If you’re having your worked published by a traditional publisher, in many cases, you’re placed in the position where you must adhere to the publisher's suggestions for change. However, when you choose to self publish your work, there is much more leeway.
The old saying by musical legend, James Brown, comes into play: “I paid the cost to be the boss." With self publishing, it’s very common for you to feel that you’re the boss! After all, it’s your money and as the author, you have the right to have the final say. While this is true, it can prove to be costly, in more ways than one!
If you are just starting out, be open to suggestions from your publisher. If you have a self publisher that gives you suggestions, it is wise to consider them, particularly if this is your first time self publishing a book. Yes, as author, you may be the boss but not necessarily the expert in publishing. An established self-publishing company has published many books. So, if a representative makes a suggestion, it would be beneficial for you to listen and implement that suggestion.
For instance, if a publisher advises you to reduce your page count, don’t take offense. One of the major mistakes new authors make is writing too much. They feel they must write that 300- to 400-page novel. Well, new authors should cut down the text. Yes, your best friends may read it and say they love to curl up with a tome, but most readers in the general public do not, unless you are a famous author like Stephen King, James Patterson, John Grisham, or Nora Roberts. After a few purchases from close friends and family, the general reading public will not even consider your work if they see a thick piece.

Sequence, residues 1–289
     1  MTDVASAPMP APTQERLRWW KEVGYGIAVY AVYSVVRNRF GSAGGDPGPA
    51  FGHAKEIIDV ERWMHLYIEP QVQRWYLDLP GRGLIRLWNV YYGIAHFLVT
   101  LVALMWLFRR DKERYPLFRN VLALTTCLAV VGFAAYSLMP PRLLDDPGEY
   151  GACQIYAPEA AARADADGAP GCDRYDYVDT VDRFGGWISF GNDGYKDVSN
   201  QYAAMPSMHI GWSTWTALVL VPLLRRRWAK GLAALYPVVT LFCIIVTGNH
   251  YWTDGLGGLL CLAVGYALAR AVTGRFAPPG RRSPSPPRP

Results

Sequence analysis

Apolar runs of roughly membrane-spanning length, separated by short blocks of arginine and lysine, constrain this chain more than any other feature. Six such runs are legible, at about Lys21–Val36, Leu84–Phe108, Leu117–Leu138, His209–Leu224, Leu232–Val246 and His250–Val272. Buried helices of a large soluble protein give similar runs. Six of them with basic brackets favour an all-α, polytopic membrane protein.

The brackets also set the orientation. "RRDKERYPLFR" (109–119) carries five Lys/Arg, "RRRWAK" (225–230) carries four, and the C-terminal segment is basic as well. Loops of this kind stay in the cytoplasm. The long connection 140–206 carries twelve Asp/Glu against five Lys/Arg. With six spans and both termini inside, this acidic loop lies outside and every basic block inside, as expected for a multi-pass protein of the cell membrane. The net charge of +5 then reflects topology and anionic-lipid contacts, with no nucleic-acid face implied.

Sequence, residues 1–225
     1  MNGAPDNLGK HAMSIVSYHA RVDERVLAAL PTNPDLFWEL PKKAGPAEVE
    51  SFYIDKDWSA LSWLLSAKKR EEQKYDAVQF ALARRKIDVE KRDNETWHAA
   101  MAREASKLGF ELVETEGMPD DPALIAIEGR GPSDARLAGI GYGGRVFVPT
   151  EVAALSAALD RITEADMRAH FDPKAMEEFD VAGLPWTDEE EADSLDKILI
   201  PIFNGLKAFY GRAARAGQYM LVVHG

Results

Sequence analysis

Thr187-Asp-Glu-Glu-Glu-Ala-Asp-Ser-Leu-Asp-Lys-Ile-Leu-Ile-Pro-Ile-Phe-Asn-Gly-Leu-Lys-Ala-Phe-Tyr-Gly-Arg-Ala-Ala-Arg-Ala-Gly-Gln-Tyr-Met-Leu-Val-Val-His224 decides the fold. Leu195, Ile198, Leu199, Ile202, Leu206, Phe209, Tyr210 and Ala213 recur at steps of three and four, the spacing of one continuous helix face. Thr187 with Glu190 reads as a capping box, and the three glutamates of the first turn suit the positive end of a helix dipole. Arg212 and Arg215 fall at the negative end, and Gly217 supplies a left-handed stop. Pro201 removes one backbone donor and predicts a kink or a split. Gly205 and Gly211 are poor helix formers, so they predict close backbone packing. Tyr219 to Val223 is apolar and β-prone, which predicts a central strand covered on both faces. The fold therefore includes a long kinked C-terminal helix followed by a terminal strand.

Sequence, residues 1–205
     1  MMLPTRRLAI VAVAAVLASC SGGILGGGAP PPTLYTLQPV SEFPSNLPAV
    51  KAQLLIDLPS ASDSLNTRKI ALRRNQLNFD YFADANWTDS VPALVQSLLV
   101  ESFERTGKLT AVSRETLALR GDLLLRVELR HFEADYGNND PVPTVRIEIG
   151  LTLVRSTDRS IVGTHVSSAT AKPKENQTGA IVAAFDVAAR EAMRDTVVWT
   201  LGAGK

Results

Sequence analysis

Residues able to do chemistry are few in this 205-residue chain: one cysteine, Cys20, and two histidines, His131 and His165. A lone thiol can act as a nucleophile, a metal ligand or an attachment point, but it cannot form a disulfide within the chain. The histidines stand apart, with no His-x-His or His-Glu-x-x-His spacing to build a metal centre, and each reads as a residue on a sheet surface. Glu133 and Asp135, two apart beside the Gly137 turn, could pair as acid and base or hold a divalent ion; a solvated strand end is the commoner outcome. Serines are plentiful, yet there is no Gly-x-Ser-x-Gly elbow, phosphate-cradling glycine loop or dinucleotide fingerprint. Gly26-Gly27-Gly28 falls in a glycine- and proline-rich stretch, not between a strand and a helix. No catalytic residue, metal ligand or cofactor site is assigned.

Granted, there are some self-publishing companies that do not give any input. And so, you can write as many pages you want; their focus is solely on getting the money. Really, the more pages, the more money for those companies. However, as a “rookie” author, you are not known well enough to have readers want to venture in the "land of many pages." Remember, your 400-page work could be cut down in half if you really focus on the "nitty gritty" of your storyline.
If you decide to choose a self-publishing company that has a staff willing to guide authors, especially new authors, it would be best for you to heed their advice. After all, experienced staff members are dedicated to an author’s success. And taking their advice could mean the difference between you paying the cost to be “the boss” or having readers pay you to help you become a best-selling author.